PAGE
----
Alan D. Hemmings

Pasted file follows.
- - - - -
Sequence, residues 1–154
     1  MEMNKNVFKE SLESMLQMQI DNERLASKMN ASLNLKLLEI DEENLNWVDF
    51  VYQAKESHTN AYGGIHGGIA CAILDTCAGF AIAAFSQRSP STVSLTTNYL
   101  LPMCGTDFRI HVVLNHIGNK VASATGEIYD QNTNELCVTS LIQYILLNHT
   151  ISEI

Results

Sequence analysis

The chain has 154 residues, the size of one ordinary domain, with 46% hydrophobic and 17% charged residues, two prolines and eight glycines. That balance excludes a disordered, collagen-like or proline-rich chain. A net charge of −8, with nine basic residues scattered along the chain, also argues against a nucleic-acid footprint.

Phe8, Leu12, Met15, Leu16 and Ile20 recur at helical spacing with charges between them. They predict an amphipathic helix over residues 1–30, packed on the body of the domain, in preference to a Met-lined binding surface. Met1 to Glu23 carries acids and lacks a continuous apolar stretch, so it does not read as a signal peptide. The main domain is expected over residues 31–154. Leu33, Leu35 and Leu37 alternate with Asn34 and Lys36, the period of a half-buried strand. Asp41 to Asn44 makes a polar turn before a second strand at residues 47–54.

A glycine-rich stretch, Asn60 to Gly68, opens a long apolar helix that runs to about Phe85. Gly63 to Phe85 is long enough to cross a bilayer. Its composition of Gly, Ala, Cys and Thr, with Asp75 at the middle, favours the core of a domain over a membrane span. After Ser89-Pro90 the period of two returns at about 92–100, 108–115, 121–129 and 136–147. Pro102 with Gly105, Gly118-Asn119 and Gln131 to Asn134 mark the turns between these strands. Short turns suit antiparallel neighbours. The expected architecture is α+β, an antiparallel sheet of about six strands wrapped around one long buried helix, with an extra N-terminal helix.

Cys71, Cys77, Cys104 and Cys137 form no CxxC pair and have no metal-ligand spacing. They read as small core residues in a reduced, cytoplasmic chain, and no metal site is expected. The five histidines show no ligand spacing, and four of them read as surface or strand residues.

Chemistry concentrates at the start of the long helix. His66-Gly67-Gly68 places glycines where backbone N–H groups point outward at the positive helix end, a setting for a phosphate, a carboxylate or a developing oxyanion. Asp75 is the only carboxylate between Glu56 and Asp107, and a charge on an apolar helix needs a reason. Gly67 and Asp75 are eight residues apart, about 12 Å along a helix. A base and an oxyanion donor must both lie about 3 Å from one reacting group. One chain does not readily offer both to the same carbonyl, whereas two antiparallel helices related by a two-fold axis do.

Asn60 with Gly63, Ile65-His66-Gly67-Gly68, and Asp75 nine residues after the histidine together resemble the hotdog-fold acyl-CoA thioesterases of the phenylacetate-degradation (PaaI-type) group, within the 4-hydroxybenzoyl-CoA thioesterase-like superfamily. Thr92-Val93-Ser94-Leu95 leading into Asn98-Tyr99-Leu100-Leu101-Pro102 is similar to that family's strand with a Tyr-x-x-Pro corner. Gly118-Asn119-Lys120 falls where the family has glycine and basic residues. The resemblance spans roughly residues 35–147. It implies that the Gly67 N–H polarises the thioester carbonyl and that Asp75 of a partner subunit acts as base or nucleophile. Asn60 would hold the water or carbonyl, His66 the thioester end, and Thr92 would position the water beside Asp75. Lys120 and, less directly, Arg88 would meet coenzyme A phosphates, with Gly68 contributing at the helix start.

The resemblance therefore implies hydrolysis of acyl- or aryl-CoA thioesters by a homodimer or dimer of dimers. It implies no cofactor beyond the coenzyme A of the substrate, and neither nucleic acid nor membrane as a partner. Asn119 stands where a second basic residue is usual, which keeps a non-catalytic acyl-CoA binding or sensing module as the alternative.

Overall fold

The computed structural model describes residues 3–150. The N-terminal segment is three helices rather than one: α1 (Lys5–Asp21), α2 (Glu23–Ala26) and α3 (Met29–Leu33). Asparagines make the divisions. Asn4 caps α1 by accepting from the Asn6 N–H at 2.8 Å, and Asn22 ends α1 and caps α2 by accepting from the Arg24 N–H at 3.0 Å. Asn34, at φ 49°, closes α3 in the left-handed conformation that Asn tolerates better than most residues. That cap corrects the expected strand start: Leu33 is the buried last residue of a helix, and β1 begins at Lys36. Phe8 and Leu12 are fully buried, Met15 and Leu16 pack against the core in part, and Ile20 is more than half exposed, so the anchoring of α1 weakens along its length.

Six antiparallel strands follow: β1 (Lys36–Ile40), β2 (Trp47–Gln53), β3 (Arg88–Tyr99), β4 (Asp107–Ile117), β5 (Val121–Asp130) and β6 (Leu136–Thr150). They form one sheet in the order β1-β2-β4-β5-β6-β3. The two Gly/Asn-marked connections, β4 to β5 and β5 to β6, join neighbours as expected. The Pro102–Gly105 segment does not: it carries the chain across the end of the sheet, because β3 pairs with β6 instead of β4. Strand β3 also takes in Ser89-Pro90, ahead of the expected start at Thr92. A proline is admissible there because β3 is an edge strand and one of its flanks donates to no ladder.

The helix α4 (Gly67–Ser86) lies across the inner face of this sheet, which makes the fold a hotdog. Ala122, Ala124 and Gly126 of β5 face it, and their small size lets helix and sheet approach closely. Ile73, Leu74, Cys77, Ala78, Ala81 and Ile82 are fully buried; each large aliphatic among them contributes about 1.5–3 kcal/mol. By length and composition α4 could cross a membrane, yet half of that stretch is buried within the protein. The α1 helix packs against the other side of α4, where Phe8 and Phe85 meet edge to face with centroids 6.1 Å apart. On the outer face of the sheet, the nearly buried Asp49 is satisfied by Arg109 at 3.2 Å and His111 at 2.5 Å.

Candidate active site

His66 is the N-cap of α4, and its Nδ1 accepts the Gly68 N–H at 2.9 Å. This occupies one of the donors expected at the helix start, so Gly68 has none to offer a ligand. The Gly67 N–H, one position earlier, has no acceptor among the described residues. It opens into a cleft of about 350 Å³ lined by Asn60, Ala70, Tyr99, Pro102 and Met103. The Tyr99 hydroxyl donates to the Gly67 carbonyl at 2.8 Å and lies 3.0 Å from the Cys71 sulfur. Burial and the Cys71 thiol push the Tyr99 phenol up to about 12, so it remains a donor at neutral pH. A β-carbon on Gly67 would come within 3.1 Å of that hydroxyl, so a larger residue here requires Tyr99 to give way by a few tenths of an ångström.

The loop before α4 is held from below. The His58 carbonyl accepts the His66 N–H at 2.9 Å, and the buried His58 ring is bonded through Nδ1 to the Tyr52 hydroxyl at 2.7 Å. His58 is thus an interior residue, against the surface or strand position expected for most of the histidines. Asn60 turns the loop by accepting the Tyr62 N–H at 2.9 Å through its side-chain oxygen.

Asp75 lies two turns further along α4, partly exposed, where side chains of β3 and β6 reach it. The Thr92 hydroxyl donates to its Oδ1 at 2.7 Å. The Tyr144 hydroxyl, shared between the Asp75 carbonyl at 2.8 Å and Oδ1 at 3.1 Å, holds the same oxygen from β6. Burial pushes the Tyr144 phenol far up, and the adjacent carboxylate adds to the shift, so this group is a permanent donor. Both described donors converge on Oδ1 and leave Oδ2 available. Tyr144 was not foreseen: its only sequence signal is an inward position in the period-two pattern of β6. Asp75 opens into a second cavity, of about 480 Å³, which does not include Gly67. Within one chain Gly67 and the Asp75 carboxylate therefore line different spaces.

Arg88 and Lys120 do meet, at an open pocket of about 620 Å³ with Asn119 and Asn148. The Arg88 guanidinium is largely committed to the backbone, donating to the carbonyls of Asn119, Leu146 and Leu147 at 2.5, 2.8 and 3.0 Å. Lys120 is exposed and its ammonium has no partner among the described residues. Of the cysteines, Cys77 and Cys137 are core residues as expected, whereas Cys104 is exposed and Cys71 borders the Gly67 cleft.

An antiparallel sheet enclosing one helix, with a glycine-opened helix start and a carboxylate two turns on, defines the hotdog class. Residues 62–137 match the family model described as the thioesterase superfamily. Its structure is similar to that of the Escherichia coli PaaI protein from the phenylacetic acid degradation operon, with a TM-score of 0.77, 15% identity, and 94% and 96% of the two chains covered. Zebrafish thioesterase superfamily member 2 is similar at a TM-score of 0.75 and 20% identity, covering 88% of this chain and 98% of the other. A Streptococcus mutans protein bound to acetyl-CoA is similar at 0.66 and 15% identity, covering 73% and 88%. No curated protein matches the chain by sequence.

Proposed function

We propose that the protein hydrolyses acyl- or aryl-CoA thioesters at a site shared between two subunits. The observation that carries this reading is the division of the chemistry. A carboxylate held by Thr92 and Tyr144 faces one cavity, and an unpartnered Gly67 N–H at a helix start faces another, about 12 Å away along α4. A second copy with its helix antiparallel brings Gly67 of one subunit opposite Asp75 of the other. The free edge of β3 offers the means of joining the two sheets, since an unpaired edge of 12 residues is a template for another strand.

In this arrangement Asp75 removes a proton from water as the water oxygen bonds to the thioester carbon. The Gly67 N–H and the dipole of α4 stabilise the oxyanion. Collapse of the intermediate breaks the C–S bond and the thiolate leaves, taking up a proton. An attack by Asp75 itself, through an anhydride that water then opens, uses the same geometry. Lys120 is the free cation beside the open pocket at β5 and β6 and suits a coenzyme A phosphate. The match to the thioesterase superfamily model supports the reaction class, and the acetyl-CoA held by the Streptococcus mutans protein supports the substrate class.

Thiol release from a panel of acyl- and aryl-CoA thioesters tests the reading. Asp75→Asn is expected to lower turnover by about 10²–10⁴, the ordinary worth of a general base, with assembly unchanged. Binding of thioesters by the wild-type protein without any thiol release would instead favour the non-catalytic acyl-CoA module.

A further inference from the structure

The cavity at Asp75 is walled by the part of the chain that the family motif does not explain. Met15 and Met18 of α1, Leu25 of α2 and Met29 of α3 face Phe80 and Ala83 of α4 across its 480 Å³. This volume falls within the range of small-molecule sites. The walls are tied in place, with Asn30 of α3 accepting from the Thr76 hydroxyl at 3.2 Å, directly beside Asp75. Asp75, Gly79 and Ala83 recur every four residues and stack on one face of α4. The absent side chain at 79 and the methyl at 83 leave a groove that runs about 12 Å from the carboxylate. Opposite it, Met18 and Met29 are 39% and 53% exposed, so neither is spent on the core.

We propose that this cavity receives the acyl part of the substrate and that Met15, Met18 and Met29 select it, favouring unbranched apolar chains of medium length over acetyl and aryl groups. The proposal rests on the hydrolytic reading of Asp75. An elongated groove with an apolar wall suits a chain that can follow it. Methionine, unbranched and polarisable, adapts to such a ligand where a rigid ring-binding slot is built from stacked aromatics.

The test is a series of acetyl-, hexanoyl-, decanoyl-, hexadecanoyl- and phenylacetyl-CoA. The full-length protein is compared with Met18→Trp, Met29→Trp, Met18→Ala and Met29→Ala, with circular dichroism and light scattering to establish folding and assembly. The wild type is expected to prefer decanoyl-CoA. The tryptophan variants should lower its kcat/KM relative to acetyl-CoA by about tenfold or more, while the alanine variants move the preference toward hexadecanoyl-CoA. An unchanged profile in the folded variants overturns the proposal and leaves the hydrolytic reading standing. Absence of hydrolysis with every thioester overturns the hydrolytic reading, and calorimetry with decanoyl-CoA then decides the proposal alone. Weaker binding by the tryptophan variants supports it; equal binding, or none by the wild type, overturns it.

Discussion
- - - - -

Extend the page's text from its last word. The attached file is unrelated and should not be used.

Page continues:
From inception, there has been a gap between the rhetoric around Antarctic ‘demilitarisation’ and its contingent and spatially limited expression in the 1959 Antarctic Treaty. Subsequent development of the Antarctic Treaty System has not changed this. Indeed, the gap broadened with the arrival of new military doctrines and technologies; erosion of separation between civilian and military personnel, equipment and functions in ‘defence’ operations; and emergence of dual-purpose technologies. The gap is again broadening given ‘Western’ and Chinese competition over Antarctica. This paper explores the contemporary state of demilitarisation and poses the question whether further development is now necessary, and if so whether it is geopolitically possible.